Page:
After Jesus had exhorted the people to try to read the signs of the times and of all that was happening to them, and to take decisions accordingly (Lk 12, 45-48), he was asked to give an explanation of a recent disaster that had caused much sorrow and misunderstanding. The violent death of some of their countrymen, just as they were offering sacrifice to honour God, was particularly painful for believers.  Where was God when they were worshipping him? The episode was extremely painful, especially since it had been ordered by an authority that they considered illegitimate (Lk 13, 1-3). Jesus did not give an immediate response but he added to the problem by referring to another fact that was well known to his listeners (Lk 13, 4-5). The accidental death of some people who were crushed when a tower collapsed on them, was equally incomprehensible, and in this case, they could not put the blame on the wickedness of a cruel despot. For believers, the death of innocent people, whether the result of violence or of an accident, always raises questions about God and his goodness.

In his reply, Jesus interprets what has happened prophetically. When evil occurs, it does not mean that the victims are evil. Death, whether accidental or deliberate, does not come only to sinners. The victims were not greater sinners than those who survived. When disasters occur, they serve as a serious warning to those who survive and are still alive. The evil that others suffer when disasters occur, should lead to the conversion of those who witness the disaster and are spared.  Anyone who is not converted on witnessing evil, will die under its power. The difficulties of others affect us too, and should influence the way we live our lives. Being spared when disaster strikes does not mean that we are better than those who die, but it should make us better people.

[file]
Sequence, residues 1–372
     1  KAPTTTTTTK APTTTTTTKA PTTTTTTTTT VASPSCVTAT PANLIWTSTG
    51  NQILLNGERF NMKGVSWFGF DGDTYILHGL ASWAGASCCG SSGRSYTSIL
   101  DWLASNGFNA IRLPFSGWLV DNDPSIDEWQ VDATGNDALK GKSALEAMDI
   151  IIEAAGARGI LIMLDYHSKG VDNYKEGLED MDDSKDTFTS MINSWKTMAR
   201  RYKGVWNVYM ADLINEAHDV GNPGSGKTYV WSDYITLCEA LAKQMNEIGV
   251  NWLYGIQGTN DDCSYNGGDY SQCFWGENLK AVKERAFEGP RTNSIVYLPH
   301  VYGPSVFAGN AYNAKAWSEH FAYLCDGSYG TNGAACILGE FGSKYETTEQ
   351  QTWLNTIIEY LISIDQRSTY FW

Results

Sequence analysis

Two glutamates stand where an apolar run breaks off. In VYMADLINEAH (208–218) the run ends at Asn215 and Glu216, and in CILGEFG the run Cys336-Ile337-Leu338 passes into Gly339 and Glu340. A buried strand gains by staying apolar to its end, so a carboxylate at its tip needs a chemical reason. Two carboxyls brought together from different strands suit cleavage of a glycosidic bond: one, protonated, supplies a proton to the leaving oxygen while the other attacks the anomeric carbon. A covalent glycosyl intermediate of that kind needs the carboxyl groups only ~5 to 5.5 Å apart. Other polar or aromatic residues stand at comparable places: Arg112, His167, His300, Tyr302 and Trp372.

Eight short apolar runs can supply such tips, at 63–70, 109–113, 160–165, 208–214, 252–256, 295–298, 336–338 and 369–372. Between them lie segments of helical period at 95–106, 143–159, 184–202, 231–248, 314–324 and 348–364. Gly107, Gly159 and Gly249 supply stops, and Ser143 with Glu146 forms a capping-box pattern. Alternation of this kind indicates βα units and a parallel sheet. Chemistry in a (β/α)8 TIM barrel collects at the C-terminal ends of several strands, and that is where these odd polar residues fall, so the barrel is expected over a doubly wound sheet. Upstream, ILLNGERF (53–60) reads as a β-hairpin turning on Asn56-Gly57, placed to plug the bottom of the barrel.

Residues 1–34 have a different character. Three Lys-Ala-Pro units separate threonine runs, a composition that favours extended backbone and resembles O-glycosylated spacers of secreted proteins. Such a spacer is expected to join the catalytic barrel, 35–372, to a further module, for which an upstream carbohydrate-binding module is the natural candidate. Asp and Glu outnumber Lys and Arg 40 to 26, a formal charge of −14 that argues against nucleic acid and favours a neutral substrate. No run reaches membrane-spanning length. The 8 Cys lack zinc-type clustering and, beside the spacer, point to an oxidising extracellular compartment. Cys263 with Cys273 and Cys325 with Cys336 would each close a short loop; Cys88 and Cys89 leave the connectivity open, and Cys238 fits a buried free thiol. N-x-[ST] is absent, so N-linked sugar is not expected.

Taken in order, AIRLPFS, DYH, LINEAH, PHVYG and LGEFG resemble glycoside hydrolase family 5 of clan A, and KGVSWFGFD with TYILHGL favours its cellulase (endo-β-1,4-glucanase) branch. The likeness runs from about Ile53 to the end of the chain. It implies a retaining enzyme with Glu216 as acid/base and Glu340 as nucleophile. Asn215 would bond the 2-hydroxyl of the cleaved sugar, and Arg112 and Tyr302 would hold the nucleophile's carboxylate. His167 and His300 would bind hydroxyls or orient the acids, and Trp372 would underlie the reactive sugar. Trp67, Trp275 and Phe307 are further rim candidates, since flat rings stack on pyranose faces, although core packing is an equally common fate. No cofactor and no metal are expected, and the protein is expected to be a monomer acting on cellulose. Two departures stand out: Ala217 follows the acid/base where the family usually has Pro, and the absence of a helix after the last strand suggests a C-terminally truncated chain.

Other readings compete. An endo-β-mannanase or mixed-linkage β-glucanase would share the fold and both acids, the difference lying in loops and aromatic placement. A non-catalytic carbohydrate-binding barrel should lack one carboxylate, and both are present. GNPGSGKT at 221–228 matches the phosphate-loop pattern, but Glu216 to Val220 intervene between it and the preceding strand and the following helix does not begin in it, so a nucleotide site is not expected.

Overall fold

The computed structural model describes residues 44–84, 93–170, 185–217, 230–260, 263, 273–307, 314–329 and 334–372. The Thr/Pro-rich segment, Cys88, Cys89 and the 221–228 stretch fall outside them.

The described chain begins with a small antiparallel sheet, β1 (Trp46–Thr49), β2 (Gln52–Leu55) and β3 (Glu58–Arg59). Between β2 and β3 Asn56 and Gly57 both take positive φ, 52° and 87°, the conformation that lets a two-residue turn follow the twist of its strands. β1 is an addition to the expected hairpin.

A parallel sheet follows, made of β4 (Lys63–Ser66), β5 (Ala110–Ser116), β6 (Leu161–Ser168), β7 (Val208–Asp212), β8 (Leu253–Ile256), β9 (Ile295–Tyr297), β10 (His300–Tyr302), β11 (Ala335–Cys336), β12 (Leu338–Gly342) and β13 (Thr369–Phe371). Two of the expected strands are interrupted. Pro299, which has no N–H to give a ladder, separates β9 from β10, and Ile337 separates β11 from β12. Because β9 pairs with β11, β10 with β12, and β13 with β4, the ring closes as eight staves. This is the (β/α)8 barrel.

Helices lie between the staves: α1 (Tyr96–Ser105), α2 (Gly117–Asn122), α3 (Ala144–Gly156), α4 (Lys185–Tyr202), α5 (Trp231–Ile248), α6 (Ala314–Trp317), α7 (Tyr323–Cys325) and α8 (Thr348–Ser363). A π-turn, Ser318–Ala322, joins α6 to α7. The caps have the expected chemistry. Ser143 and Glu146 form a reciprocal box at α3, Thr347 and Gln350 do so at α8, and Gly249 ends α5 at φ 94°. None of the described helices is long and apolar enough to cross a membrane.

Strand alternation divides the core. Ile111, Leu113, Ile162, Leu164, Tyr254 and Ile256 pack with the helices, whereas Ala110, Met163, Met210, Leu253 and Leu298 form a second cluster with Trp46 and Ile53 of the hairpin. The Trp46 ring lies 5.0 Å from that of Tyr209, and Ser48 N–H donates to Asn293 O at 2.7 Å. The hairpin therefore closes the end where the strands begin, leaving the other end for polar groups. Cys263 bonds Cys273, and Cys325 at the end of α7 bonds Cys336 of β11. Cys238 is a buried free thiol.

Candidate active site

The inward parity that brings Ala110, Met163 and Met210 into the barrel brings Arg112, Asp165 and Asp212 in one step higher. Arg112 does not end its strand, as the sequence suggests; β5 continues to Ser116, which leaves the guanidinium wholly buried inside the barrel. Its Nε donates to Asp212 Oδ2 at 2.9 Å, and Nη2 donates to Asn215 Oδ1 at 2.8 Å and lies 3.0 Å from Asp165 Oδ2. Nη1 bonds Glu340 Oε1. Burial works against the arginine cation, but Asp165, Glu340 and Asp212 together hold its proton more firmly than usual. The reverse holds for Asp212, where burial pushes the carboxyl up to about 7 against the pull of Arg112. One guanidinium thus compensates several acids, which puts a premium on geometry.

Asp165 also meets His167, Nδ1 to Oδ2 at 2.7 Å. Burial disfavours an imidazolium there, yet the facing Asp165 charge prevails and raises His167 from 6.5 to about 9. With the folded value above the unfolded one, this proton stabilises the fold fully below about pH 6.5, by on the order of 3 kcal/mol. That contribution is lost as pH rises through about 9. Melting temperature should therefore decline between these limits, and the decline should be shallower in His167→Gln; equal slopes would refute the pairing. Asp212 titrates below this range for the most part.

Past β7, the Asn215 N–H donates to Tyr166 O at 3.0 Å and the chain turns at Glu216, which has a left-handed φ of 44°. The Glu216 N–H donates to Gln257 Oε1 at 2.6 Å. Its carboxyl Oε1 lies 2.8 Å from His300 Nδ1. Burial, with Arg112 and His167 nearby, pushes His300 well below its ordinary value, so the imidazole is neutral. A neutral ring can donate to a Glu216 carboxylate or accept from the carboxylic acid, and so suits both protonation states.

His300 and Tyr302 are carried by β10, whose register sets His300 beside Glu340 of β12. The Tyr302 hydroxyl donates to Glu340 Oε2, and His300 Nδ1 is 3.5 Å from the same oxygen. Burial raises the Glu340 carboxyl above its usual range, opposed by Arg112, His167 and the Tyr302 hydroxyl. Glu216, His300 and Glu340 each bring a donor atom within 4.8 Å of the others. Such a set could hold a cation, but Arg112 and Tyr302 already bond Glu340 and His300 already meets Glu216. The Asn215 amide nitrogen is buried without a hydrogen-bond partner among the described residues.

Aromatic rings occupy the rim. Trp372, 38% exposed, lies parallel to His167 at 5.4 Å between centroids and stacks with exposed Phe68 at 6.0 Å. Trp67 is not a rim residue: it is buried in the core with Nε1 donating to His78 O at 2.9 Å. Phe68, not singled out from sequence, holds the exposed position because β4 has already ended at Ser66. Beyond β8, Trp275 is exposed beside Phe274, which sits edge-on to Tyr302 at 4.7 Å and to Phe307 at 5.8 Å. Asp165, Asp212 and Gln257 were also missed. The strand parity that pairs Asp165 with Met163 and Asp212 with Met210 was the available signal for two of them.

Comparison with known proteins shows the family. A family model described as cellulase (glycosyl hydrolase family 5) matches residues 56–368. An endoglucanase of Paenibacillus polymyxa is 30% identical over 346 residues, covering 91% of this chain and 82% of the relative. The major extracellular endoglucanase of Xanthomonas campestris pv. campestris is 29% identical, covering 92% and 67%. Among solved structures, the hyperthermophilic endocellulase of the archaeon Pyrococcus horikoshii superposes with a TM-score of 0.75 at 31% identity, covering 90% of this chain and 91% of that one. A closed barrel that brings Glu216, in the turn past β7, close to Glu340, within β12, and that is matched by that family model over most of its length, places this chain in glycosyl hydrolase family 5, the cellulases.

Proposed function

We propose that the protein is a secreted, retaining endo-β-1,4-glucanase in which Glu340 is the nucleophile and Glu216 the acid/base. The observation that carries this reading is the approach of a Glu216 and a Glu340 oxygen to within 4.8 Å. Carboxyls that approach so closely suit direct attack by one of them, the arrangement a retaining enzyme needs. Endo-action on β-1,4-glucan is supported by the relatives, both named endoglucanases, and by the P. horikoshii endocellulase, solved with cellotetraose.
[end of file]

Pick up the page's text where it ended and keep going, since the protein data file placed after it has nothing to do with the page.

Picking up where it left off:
To give more force to his call to conversion, Jesus adds the parable of the barren fig tree (Lk 13, 6-9).  The owner is annoyed because it does not produce fruit and decides to uproot it, but yields to the pleading of the vinedresser who promises to give it special attention, and agrees to give him a year of grace. The fig tree is given a last chance. As long as there is life in it, the owner has hope that it will bear fruit.  The hope of our loving God is that those who are not yet good will be converted, and so he is patient with the wicked. However – and we should not forget it – the time granted is already fixed. The owner will not wait another three years. He concedes only one.